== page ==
Mega Archive: Part VIII: From Mamono Hunter Yohko to Sangokushi Retsuden

Some real household names in the title today. Welcome to the eighth entry of the Mega Archive: a chronological data-dump of the Sega Mega Drive/Genesis library. This will be the second of three entries this "season," covering the start of 1991 (as can be seen in last week's Mega Archive: Part VII, included in the list below) to the year's mid-point at the end of June. Chiefly, I'm looking to stop around the June 23rd premiere of Sonic the Hedgehog: a game that would have a significant impact on Sega and the future direction of its console.

We're not quite in June yet, however. March and April are typically busy months that represent the end and start of a new fiscal year, and a significant number of this week's games are Japan-only. The Mega Drive didn't quite have the "iceberg" factor of the SNES and TurboGrafx-16 - both systems that had enormous libraries in their native land of which us here in the west saw a mere fraction - but it still received its fair share of games that were, to put it diplomatically, "unlocalizable". These included anime license games based on obscure properties (or at least more obscure than Sailor Moon and Dragon Ball, which is all anyone knew about anime back then), mahjong, extra dry strategy sims based on Asian conflicts, and almost all the strange tiny games available via Sega's Game Toshokan online service.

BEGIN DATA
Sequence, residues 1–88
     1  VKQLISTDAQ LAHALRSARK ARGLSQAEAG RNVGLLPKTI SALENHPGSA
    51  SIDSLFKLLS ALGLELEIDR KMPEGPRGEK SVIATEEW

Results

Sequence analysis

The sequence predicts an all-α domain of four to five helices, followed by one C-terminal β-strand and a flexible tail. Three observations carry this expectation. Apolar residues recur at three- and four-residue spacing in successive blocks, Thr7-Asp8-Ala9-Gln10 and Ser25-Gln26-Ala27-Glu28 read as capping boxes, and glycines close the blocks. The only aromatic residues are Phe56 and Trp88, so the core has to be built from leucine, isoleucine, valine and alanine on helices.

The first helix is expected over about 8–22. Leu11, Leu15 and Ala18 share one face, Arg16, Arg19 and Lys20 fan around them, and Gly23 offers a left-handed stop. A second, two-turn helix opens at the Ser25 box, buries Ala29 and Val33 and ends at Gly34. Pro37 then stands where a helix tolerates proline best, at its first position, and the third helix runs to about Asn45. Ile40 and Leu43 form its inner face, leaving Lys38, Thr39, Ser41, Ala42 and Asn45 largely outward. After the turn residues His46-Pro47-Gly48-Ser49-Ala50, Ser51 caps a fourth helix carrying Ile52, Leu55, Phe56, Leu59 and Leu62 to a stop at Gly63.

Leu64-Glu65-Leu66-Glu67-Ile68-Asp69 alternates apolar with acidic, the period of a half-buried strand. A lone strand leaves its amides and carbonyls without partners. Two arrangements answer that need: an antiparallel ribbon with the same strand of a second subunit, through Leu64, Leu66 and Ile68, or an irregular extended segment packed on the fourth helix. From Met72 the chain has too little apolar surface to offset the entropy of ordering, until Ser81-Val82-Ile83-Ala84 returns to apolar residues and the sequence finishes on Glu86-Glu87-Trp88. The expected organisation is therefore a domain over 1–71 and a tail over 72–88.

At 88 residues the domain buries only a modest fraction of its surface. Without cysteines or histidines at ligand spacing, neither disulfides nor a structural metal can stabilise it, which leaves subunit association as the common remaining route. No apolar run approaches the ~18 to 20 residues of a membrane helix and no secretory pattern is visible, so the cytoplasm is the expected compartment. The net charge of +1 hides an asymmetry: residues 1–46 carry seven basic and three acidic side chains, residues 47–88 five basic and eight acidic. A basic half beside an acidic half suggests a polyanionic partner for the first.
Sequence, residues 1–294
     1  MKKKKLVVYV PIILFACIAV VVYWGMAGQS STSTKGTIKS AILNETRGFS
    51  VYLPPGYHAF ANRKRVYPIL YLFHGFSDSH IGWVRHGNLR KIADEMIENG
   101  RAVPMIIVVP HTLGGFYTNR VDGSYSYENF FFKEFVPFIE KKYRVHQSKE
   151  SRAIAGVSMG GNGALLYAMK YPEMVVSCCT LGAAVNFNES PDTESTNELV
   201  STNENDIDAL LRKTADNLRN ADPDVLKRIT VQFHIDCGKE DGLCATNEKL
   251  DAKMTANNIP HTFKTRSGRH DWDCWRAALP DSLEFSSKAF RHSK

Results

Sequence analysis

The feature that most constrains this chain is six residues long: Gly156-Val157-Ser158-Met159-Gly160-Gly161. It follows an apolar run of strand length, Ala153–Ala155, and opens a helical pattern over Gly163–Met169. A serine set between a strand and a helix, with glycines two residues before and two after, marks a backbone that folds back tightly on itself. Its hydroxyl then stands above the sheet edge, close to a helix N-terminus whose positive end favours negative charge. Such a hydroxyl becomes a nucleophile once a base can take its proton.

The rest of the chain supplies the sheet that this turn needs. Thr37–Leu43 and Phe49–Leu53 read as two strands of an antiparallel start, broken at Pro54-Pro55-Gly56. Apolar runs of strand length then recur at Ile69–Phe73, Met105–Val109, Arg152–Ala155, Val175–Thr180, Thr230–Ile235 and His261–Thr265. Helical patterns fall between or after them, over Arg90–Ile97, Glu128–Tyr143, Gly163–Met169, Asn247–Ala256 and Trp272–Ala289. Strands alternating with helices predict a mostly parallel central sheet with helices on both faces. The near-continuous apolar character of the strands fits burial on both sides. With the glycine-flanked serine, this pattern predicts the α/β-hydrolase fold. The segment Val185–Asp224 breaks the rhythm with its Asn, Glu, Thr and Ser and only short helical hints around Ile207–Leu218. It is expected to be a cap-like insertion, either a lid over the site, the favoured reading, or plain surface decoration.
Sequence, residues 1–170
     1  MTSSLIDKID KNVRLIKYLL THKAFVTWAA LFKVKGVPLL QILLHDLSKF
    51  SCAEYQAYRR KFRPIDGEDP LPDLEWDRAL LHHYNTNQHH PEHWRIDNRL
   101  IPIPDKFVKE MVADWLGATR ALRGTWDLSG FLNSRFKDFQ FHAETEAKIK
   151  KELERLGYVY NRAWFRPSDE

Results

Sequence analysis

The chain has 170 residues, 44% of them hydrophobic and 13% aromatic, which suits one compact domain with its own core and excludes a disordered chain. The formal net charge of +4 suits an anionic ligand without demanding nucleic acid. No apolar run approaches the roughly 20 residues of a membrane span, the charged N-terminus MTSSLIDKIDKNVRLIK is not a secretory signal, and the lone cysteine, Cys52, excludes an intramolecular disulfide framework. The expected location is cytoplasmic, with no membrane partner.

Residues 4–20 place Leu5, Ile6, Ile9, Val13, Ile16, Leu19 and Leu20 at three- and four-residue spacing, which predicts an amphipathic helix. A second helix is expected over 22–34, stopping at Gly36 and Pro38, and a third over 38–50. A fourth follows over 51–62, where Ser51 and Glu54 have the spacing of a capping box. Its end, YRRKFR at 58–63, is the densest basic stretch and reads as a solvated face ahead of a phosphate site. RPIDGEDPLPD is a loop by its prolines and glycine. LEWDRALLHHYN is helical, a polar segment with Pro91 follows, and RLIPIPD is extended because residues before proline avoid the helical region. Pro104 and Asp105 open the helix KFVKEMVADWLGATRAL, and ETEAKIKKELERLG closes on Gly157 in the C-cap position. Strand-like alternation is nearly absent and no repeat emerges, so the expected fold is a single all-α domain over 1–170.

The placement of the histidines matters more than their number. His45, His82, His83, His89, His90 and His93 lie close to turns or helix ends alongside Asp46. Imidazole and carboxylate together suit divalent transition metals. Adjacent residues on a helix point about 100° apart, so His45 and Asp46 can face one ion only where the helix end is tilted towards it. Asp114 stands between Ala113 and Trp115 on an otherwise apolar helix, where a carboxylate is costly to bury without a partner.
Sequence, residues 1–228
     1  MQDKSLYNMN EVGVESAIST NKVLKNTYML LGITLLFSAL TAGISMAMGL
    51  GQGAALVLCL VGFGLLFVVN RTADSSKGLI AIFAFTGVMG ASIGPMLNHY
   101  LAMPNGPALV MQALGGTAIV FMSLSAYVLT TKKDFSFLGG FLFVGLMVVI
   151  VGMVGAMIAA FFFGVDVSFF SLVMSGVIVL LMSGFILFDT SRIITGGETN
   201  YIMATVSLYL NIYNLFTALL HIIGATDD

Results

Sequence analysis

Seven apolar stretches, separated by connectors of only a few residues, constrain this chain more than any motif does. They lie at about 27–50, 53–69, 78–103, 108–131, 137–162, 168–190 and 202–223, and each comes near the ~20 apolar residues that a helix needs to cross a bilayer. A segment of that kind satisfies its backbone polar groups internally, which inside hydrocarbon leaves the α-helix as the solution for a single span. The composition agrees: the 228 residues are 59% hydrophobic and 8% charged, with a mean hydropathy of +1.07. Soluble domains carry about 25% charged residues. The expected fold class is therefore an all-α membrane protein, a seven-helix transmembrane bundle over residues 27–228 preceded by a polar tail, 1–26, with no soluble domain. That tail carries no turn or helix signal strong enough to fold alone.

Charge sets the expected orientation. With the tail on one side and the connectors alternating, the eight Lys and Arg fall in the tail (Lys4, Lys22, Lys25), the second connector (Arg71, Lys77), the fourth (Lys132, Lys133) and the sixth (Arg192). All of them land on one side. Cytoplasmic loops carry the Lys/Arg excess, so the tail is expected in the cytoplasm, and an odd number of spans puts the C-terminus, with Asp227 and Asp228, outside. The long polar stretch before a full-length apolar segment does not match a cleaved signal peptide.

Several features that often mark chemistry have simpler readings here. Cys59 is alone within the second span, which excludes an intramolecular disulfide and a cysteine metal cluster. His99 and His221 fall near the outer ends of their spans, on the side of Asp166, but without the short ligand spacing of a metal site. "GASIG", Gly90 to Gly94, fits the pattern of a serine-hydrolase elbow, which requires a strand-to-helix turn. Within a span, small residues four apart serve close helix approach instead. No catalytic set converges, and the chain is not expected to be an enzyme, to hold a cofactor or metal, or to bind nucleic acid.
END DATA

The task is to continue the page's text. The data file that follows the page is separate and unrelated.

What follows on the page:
But hey, I had also heard of at least three of these games before starting on their pages, so that's always a good sign. This update should be of particular interest to RPG fans: two of the longest-running JRPG franchises still active today got their start on the Mega Drive in this March-April '91 period.

Part VIII: 116-130 (March '91 - April '91)

116: Mamono Hunter Yohko: Dai-7 no Keishou

No Caption Provided
  • Developer: Dual
  • Publisher: Masaya
  • JP Release: 1991-03-22
  • NA Release: N/A
  • EU Release: N/A
  • Franchise: Devil Hunter Yohko
  • Genre: Platformer
  • Theme: Fantasy / Horror / Anime
  • Premise: Teenage devil hunter Yoko must save her friends from a powerful demonic menace in this side-scrolling platformer.
  • Availability: Something I've not been paying much attention to is "Project EGG," which sells a lot of obscure emulated Japanese games via a digital distribution client for Windows similar to Steam (but way older). You can buy Dai-7 no Keishou there, but keep in mind that EGG's a subscription service that requires a monthly fee on top of the costs of individual purchases. Otherwise your only option is to import the original Sega Mega Drive version.